In the normal projection onto a tube cross-section the open area of the constriction 3 amounts to about 50%-70% of the tube cross-section area, with about 60%-70% of the open area being associated with the gap 31. Under these conditions the material requirements are low and the flow of the fluid to be mixed suffers only low pressure losses.
The plate-shaped elements 2 of a constriction 3 form an arrangement with two segments 21 and 22. The edges of these segments comprise substantially the following parts in each case: an edge segment a with the shape of an elliptical arch which borders on the tube wall 10; a straight edge segment s which forms a border of the gap 31; and an edge segment b which borders on the second partial region 32 of the constriction 3. Between the tube wall 10 and the arch-shaped edge a there can be a small gap which can be bridged over at individual locations by a connection means, for example by a welding material. The elliptical edge can be approximated for example by straight elements. In place of the straight edge piece s, a curved one can also be present.
Relatively good mixing effects are obtained even when the segments 21 and 22 are highly shortened and the open area of the constriction amounts to 75%. For such segments 21, 22 the mixing effect is less satisfactory; on the other hand, the pressure drop is lower. This is true in general: larger open areas mean a low pressure drop and vice versa.
In the embodiments of FIGS. 1 and 2 the two segments 21 and 22 are connected to one another via a narrow bridge 23 which lies on the boundary between the two partial regions 31 and 32 of the constriction 3. With this bridge 23 there results an advantageous stabilization with respect to the construction which permits a smaller plate thickness to be chosen for the plate-shaped elements 2 than if the bridge 23 were not present.
The flowing fluid is indicated in FIG. 1 by arrows 5, 5'. The constriction 3 induces two eddies of opposite sense in the flow which are indicated by the arrows 6, 6' in the projection onto a cross-section surface.
The gap 31 is substantially trapezoidal (corner points A, B, B' and A'); it diverges in the direction towards the second partial region 32 of the constriction 3. With this gap shape an ideal eddy pair 6, 6' arises. In order that the two eddies are of equal strength, the constriction 3 is executed to be mirror symmetric; the plane of symmetry lies on the tube axis c.
The plate-shaped elements 2 associated with the constriction 3 are arranged in a plane in the exemplary embodiment of FIGS. 1 and 2. They can be manufactured together with the connection bridge 23 from a piece of sheet metal. FIG. 3 shows how these elements 2 can be cut out of a strip of sheet metal in a material saving manner.
The plate-shaped elements 2 can be curved or bent instead of planar.
At least two constrictions 3 are provided in the mixer tube 1, where in each case for a first constriction 3 an adjacent downstream constriction 3' is provided outside the mixing path 4 at a distance m defining a mixing path in the range of 1 to 10 tube diameters D, more desirably of about 3 to 5 tube diameters D. The insert-free space between adjoining constrictions 3, 3' thus has a length of about 2 to 4 tube diameters D. The gaps 31 of adjacent constrictions 3, 3' are arranged transverse to one another.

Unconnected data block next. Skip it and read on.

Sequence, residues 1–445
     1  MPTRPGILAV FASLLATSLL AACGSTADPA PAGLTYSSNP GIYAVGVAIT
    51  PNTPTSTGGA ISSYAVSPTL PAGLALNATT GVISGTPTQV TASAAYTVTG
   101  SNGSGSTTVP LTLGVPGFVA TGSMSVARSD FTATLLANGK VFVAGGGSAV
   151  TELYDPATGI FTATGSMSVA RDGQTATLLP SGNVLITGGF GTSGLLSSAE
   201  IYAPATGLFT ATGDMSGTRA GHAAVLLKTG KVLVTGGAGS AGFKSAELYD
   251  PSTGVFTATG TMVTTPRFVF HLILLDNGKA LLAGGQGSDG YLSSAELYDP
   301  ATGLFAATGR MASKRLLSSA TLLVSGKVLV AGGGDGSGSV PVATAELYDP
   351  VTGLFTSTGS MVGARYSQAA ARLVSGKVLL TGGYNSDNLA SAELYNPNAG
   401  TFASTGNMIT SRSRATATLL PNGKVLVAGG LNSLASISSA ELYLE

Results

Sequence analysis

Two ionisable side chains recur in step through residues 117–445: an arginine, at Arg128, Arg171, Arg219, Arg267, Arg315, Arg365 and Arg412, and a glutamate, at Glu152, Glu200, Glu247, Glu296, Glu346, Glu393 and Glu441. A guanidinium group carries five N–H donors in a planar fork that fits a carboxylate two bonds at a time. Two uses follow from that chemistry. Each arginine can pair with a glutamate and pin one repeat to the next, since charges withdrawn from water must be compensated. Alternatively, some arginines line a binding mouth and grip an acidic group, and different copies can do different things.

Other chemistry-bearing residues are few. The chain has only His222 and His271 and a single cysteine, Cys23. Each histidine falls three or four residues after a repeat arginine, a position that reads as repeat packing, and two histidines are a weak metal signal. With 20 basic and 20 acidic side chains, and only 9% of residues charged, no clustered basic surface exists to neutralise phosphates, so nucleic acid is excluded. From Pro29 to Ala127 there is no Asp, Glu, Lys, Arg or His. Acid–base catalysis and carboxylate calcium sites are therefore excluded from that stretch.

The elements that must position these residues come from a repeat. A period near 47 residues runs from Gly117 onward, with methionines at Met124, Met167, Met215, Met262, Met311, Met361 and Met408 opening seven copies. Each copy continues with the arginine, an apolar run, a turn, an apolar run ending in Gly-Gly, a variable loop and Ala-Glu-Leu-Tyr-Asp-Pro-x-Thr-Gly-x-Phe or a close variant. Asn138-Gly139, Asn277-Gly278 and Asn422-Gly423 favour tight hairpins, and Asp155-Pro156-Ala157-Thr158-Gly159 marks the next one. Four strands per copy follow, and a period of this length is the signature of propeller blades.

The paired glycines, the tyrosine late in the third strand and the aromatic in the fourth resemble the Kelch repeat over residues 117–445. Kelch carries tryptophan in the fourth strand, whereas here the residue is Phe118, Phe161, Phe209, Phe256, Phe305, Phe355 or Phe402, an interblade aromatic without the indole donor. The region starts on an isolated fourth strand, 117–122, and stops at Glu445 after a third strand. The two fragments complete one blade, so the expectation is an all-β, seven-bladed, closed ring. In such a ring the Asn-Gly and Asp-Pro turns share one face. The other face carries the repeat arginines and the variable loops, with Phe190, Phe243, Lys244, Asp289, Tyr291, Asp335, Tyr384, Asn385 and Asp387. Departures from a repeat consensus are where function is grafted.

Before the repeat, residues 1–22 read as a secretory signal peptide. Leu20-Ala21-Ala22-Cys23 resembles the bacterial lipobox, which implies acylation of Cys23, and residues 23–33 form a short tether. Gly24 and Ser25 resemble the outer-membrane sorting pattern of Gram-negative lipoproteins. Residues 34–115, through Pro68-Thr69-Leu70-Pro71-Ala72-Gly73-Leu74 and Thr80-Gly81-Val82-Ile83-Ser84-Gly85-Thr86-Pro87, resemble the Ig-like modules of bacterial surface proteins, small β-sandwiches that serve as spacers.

FIGS. 4 to 8 represent further embodiments of possible constrictions 3. In FIG. 4 the two segments 21 and 22, which are similarly shaped, are arranged at an angle to one another. The shape of the segment 21 or 22 respectively can be seen in FIG. 5. The segments 21 and 22 can naturally also be connected by a bridge 23 as shown in chain-dotted lines, for example.
FIGS. 6 and 7 show constrictions 3 for mixer tubes 1 in accordance with the invention whose cross-sections are square or rectangular. FIG. 6 shows in addition that a bridge 23 can be arranged at a location other than at the boundary between the two partial regions of the constriction 3. The bridge 23 can for example be a rod with a circular cross-section.
The fifth exemplary embodiment of FIG. 8 shows a constriction 3 which consists of only one gap-shaped region 31. The region 31 can be trapezoidal (with two curved sides AA', BB') and can diverge in or opposite to the direction of flow.
The mixer tube 1 in accordance with the invention can be used for mixing a fluid with solid substances contained in suspension. This use is especially advantageous when the solid substances are fiber-shaped.
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|U.S. Classification||366/337, 138/42, 366/336|
|International Classification||B01F3/12, B01F5/06, B01F5/00|
|Feb 28, 1997||AS||Assignment|
Owner name: SULZER CHEMTECH AG, SWITZERLAND
Free format text: ASSIGNMENT OF ASSIGNORS INTEREST;ASSIGNORS:FLEISCHLI, MARKUS;SCHNEIDER, GOTTLIEB;WEHRLI, MARC BRUNO;REEL/FRAME:008396/0850;SIGNING DATES FROM 19970121 TO 19970127
|Mar 5, 2002||FPAY||Fee payment|
Year of fee payment: 4
|Mar 21, 2006||FPAY||Fee payment|
Year of fee payment: 8
|Mar 24, 2010||FPAY||Fee payment|
Year of fee payment: 12